The Khaljis have been mentioned variously—sometimes Turks, sometimes Afghans and sometimes as Indian Muslims.
Achievements of Balban were of a personal nature. The Turkish Sultanate depended upon the personality of the Sultan.
Balban, though, himself a successful ruler did not establish a well-organised administrative machinery. All powers were centralized in him. He did not provide adequate opportunity to his sons in the art of government.
No wonder, therefore, that the moment his controlling hand disappeared there occurred a scramble to snatch power. After the death of Balban, power game started. Jalal-ud- Din Khalji, the leader of the Khalji group, who was holding the position of the commander of the army under Kaiquhad, the grandson of Balban, took the best advantage of the situation.
Kaiqubad had lost all his physical ability because of excessive luxury. The Turkish chiefs made Kaiqubad’s son as the Sultan. Jalal-ud-Din proved himself cleverer. He himself sat on the throne of Delhi by murdering Kaiqubad as well as his son and assumed the title of Jalal-ud-Din Firoz Shah. Jalal-ud-Din was 70 years old when he ascended the throne of Delhi. His rule lasted for about 6 years (1290 to 1296).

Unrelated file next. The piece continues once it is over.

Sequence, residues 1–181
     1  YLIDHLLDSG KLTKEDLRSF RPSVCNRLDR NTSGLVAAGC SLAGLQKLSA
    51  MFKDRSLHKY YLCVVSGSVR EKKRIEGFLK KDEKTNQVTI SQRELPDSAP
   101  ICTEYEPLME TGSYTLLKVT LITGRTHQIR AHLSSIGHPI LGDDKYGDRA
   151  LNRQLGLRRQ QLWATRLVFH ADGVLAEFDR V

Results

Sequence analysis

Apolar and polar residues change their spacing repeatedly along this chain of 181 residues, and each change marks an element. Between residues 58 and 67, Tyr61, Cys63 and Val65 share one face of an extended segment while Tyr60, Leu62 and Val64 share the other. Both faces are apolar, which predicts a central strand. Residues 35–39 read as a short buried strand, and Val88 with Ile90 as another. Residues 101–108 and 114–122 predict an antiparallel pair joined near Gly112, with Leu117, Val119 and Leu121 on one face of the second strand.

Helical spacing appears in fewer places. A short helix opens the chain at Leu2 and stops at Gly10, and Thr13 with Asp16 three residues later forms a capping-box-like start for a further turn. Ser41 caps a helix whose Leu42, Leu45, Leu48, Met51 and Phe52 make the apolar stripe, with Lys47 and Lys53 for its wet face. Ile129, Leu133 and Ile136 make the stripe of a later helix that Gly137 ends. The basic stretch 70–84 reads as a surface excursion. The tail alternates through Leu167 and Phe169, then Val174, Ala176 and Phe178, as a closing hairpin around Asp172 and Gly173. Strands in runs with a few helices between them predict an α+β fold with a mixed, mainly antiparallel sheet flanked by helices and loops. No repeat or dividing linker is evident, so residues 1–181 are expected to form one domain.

Policies and Temperament of Jalal-ud-Din:
In the words of Prof. S.R. Sharma, “He was too lenient to be a king in an age when blood and iron alone would matter. He was soon overtaken by a whirlwind of troubles that ended, not only by removing the crown from his head but also the head from his shoulders.”
Although Jalal-ud-Din had become the Sultan of Delhi after shedding a lot of blood, but after becoming the Sultan, he followed a policy of peace—peace with the robbers, peace with the nobles, peace with the Mongols and peace with all others excepting one of Siddi Maula as described in the later part of this answer. His policy of peace led to his downfall. By following the principle of peace, he sacrificed even the routine principles of governing a state. His policy of ‘pardon’ in the name of peace proved disastrous to him.